Scholarship Named For Renowned Jazz Organist, Shirley Scott, To Benefit CU Music Students

June 22, 2012

The Shirley Scott Scholarship, named in honor of former jazz organist and Cheyney University teacher, Shirley Scott, has recently been designated to assist students participating in the study of music. 

Ms. Scott's daughter, Nicole Turrentine, was instrumental in creating the scholarship.  "Why did she set up this scholarship?  Number 1, she was an alumnus and loved Cheyney University.  Number 2, she loved young people and wanted to help children, students,  who were interested in music so they could have the opportunity to get an education.

"Mommy was born and raised in Philadelpia and attended Girls High.  After many years in the music field, she got her BS at the age of 57.  She started  from scratch, taking placement tests like everyone else.  She sat down with her grandchildren and did her homework along with them, sharing by example. She believed you're never too old to learn.  And while she was in class during the day, she was still performing in clubs at night."

Born in 1934, Scott studied piano and trumpet in high school before switching to the organ in the mid-1950s. According to "All About Jazz," Shirley Scott began playing piano and trumpet in her native Philadelphia. By the mid 1950s, she was playing piano in the city's thriving club scene - often with the very young John Coltrane. A club owner needed her to fill in on organ one night and the young Shirley took to it immediately, crafting a swinging, signature sound unlike anyone else almost from the get-go. Scott’s real breakthrough came in 1958 when she began a series of recordings for Prestige that lasted into 1964 and made her famous in the jazz world.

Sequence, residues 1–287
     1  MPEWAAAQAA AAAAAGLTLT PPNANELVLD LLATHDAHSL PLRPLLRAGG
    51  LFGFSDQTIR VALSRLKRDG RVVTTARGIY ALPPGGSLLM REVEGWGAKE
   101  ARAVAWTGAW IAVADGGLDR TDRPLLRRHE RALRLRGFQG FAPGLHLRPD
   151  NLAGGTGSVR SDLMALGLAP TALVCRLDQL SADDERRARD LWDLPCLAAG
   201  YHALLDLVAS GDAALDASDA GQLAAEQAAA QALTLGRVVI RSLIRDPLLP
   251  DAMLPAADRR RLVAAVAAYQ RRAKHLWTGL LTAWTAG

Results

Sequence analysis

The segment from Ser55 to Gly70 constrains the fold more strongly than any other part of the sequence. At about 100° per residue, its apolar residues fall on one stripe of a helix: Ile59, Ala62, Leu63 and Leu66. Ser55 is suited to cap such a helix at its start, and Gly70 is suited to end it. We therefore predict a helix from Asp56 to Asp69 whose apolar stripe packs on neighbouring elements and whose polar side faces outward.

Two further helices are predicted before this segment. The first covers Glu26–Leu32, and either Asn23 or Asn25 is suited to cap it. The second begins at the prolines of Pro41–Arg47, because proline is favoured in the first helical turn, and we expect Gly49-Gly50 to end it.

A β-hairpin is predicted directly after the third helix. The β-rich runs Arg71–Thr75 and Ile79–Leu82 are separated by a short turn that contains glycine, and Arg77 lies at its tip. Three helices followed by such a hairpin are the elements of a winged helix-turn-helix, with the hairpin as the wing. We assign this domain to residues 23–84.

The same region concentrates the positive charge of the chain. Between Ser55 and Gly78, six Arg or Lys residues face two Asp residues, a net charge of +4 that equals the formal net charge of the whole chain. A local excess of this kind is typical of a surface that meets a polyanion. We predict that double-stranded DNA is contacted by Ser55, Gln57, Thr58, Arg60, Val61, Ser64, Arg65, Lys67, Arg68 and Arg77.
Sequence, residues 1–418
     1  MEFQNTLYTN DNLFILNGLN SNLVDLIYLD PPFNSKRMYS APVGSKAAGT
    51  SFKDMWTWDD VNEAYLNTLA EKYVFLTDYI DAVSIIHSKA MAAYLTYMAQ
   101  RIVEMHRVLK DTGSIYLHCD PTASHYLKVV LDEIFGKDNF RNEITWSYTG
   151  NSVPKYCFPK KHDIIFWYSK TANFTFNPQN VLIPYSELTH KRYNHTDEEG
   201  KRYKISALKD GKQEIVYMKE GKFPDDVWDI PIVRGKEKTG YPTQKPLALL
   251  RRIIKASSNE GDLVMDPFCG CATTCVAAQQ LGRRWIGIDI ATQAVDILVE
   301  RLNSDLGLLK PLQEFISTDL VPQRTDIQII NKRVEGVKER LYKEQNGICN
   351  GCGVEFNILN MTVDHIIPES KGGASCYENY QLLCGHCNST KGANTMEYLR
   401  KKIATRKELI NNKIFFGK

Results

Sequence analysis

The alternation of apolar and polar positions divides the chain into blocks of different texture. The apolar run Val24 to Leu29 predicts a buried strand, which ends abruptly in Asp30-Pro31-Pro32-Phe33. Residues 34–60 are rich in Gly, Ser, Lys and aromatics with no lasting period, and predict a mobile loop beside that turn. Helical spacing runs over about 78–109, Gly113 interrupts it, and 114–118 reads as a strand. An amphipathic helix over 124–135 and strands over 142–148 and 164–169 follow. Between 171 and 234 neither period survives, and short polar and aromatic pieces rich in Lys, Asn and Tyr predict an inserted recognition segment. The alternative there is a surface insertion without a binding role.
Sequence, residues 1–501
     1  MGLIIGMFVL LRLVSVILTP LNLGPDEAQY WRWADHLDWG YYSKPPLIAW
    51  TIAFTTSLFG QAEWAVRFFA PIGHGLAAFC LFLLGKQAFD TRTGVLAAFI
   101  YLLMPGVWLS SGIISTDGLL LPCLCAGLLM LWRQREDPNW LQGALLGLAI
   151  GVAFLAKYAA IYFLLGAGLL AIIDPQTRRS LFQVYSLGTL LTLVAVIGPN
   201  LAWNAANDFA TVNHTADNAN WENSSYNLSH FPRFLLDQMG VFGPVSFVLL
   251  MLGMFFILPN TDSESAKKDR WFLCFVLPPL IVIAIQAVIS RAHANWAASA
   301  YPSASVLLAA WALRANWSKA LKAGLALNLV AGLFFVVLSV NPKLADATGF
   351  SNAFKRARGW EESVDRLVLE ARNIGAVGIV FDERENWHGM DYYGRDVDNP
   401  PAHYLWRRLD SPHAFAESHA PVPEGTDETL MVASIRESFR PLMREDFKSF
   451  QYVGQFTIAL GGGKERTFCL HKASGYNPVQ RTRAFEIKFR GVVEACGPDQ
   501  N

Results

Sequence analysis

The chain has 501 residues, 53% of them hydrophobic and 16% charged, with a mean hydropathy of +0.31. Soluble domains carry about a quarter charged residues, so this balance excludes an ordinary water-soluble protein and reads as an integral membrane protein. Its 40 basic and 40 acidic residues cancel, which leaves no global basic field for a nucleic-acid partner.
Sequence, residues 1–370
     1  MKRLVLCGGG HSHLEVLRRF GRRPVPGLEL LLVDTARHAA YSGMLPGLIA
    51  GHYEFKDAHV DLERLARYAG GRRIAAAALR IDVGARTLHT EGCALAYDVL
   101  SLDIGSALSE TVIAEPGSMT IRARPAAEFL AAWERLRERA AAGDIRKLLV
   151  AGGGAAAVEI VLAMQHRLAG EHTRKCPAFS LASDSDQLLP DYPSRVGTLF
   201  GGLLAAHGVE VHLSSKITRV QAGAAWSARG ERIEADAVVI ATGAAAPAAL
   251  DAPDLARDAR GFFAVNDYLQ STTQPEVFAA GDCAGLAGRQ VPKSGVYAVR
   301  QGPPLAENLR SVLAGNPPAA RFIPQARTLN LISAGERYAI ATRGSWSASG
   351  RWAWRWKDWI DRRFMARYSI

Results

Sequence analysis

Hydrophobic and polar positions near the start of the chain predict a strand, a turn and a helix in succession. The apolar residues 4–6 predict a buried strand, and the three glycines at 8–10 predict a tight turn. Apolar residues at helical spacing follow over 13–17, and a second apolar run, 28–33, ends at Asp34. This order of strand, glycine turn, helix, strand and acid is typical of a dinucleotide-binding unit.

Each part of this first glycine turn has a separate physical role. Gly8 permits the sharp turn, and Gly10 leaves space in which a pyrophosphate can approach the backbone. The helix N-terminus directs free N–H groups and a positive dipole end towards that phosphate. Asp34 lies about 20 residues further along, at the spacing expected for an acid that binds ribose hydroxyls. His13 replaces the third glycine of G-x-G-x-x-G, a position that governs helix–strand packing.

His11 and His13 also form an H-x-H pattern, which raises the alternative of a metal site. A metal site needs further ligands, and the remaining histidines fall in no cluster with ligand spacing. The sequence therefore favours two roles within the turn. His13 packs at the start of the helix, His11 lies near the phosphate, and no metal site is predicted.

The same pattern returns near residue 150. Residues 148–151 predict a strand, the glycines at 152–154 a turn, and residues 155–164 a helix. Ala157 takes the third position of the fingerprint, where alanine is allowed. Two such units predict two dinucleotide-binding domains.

Her playing consistently possessed one of the most graceful and lyrical touches applied to the bulky B-3. But it was her deeply-felt understanding of the blues and gospel that made her playing most remarkable.

She was married to  tenor sax player Stanley Turrentine (1961-71) and the two made some of their finest music - together - for the Blue Note, Prestige, Impulse and Atlantic labels. Shirley Scott resided in Philadelphia up until her death in early 2002. She occasionally performed locally (on piano, mostly) and was musical director of Bill Cosby's short-lived 1992 show You Bet Your Life.

In the 1980s Shirley Scott taught jazz history at Cheyney University in Pennsylvania and was also the music director for her church. She remained a vital force on the jazz scene until her death in 2002.

Professor M. Dantonio-Fryer, Humanities and Communication Arts Chair remarked, "This scholarship will be most helpful in supporting talented Cheyney University students who participate in the band and choir. We are most appreciative of this support for the students."